Smoke, wagons, battle gear, and soldiers, mostly in blue but some dressed in gray, were everywhere. Civilians were nowhere to be seen. Most of the men from town had left several days ago, taking the livestock with them. They were all afraid that the invading Confederate army would impress the Pennsylvania men into its depleted ranks.
It made little difference to the Sutton women; they had no man anyway. Papa had passed away a year ago, and Lila's big brother, Porter, had been killed in the battle of Bull Run a long time ago. She was convinced that Porter's death had led to Papa's illness and eventual demise. How she missed them both.
"Get away from the window, girl!"
Another loud boom rattled the windows. Lila turned with a barely suppressed shiver of fear. She clenched her teeth. The filthy Rebel crouching under the other sitting room window waved his pistol at her. She moved away.
The soldier had a long, scraggly, dark beard, and his hair hung out in greasy strings under a tattered slouch hat. He scowled at Lila, revealing broken and blackened teeth.
"Where's yo' Mama wi' that food ah needs?"
Beatrice Sutton came in then, carrying a tray of fried chicken and biscuits. She placed it on the floor in front of the soldier where he crouched out of sight. Lila watched him grab up the chicken and begin stuffing it in his mouth as fast as he could, eating as if he were starving...which he probably was. All of the Confederate soldiers she had seen so far had the same gaunt, ragged look about them this one had.
"Look what I got, Luke!" Through the door from Lila's bedroom came another soldier, just as unkempt as the first one. In his hand was a coffee tin, which he upended, spilling some of its contents onto his palm.
"You can't have that! That is all the money I have saved for two years!" She lurched toward him.
Mama grabbed her arm and pulled her back. "Shhh, honey," she said.
"Yeah, honey," the soldier sneered, "y'all cain't have dis now. It's mine!" He started shoving the gold coins into his pockets.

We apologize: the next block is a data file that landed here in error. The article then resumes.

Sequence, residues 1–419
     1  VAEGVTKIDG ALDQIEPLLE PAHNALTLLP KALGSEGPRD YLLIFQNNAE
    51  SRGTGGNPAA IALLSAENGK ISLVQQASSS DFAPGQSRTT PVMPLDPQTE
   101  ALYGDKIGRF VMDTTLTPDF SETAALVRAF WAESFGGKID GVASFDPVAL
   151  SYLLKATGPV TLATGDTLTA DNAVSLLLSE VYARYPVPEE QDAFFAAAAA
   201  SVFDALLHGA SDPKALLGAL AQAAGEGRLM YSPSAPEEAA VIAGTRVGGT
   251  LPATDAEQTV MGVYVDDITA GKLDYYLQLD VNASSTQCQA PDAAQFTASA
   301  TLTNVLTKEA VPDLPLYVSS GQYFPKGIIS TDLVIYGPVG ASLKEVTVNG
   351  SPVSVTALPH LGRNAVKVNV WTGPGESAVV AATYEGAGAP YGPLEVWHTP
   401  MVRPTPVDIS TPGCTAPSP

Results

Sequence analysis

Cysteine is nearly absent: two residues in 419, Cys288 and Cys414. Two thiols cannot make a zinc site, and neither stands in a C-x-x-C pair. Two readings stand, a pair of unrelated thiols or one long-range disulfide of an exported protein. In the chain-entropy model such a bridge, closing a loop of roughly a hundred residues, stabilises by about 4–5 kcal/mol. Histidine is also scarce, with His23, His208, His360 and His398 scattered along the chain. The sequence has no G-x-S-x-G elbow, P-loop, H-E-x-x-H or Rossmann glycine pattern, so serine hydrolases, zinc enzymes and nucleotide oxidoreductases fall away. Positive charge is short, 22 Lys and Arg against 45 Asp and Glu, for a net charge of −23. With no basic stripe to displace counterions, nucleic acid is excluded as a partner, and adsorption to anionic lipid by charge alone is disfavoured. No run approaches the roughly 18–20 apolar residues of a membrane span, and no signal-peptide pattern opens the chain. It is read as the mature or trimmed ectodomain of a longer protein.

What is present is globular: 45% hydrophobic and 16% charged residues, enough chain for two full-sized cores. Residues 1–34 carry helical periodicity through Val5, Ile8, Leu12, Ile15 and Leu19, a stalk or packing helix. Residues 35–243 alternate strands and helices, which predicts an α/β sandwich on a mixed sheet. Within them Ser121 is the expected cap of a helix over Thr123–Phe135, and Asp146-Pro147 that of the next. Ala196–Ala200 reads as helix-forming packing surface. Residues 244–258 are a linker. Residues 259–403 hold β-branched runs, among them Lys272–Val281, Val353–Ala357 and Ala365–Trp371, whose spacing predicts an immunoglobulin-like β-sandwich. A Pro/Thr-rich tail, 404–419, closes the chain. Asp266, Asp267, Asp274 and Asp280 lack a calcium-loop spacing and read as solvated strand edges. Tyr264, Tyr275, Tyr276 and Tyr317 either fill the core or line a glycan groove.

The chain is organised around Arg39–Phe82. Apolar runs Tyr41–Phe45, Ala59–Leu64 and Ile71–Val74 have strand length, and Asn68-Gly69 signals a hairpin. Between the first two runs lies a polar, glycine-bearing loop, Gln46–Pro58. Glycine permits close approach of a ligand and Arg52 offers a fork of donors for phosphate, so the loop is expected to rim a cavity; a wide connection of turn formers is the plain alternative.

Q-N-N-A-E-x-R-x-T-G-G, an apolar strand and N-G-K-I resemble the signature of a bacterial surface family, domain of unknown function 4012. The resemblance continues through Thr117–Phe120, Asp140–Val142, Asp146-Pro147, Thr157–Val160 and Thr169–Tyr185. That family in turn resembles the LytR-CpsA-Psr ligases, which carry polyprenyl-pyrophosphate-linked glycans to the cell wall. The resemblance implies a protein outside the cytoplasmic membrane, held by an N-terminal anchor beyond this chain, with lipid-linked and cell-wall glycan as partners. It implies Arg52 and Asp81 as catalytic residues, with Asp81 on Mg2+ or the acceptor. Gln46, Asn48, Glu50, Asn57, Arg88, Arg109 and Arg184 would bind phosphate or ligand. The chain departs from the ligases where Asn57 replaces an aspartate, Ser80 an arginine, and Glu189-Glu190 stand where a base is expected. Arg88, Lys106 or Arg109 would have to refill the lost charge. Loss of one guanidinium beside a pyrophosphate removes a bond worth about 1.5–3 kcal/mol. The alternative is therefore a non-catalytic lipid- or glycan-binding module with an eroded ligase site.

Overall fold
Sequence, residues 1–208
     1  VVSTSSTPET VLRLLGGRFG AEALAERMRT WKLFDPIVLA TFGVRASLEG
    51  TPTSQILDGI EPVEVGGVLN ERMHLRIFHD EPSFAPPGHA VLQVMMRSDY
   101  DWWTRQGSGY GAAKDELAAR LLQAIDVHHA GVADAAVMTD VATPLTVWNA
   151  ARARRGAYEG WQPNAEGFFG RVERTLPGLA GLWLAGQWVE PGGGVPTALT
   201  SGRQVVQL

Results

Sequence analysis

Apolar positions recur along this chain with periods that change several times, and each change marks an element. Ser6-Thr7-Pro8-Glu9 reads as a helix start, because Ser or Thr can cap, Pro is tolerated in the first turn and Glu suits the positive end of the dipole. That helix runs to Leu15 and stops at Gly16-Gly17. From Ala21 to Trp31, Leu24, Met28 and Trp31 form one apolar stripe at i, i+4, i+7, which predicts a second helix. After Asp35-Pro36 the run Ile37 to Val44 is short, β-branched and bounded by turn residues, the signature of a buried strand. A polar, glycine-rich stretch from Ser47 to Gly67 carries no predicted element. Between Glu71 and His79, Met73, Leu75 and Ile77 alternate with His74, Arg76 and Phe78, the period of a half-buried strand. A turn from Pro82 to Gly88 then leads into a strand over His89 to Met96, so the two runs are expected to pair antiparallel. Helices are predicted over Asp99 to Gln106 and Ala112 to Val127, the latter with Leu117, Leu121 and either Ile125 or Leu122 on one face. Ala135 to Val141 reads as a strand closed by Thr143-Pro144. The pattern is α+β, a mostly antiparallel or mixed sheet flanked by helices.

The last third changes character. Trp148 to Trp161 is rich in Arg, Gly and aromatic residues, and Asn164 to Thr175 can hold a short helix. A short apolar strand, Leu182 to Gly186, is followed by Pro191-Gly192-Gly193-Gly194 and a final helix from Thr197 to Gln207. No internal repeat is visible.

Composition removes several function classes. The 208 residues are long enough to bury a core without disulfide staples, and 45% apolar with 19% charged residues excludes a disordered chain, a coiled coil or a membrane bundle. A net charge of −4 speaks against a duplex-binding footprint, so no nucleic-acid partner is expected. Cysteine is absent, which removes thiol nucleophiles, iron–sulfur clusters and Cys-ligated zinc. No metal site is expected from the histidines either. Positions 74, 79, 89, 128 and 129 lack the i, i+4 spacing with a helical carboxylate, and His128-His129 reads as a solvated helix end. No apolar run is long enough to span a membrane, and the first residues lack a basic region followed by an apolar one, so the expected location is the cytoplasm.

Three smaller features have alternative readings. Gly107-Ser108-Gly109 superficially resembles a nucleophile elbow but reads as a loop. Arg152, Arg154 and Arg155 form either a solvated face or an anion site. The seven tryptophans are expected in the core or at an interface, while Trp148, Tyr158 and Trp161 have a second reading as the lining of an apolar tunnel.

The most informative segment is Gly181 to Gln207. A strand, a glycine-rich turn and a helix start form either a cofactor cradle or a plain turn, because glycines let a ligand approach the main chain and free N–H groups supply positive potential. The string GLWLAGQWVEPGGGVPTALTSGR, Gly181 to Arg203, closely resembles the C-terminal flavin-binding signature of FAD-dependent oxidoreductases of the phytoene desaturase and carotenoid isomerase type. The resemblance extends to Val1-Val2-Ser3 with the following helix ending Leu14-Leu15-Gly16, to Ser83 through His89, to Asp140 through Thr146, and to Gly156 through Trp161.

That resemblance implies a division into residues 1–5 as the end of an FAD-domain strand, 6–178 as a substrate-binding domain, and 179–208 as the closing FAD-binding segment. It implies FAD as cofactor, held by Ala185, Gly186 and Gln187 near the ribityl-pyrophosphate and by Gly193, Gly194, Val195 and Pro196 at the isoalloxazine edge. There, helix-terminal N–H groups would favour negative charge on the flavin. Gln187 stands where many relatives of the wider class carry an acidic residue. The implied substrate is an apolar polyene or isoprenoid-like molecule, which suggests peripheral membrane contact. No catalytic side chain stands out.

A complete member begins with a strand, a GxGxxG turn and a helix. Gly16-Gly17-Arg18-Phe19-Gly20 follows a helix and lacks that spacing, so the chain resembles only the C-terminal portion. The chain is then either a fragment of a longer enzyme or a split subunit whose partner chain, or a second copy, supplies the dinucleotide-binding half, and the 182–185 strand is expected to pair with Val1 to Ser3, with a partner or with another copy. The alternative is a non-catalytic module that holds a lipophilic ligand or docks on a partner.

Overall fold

Luke got up and grabbed at the tin, a chicken leg hanging from his mouth. "Gimme some of that!"
"Sure, give me some o' that food," the soldier with her money said.
Tears pricked Lila's eyes. For two years she had saved her earnings from her job as schoolteacher. She had been saving the money to buy a spinet piano of her own and figured in another two years she would have enough. Since Papa died, she had been forced to spend more of her earnings to keep body and soul together. Mama earned money with her sewing, and between them both they had been doing just fine. Now her money was going to be stolen from her!
The two soldiers greedily counted the coins as they simultaneously shoved food in their mouths. She had to do something. Mama stood and watched them, frowning at their antics. The soldiers had all turned their attention away from Lila. Pushing a few escaped strands of dark hair out of her face, her gaze fell on Luke's pistol. He had laid it on the floor next to the tray of food and forgotten it! Slowly she inched over to the weapon and stood over it, allowing her full skirt to cover it. With her feet, she slid the gun across the wood floor. All the noise from the battle raging outside, and the excited voices of the soldiers hid the sound of metal scraping.
Once she maneuvered the pistol in front of the chair, she sat spreading her skirts carefully. Then she brushed unseen lint from her skirt and continued to brush it off lower and lower, keeping her eyes on the Rebs. Sliding a hand under her skirt, she came up with the gun.
"Hold it right there!" Lila screamed. "Drop the money, or I'll shoot you, I swear I will!"
"Lila!" Mama gasped in surprise.
"Y'all don't want to do this, Lila. Yo' is just a little bit of a woman. Bet yo' cain't shoot that there gun no way," Luke jeered at her.
Gritting her teeth and closing her eyes, Lila aimed the gun for the ceiling and pulled the trigger. The pistol bucked in her hand, and she staggered back, almost falling. Thank goodness it was already loaded!
The next thing she knew, the sound of coins raining down on the hard floor had her opening her eyes in time to see the Rebs running out of the front door, a trail of gold behind them.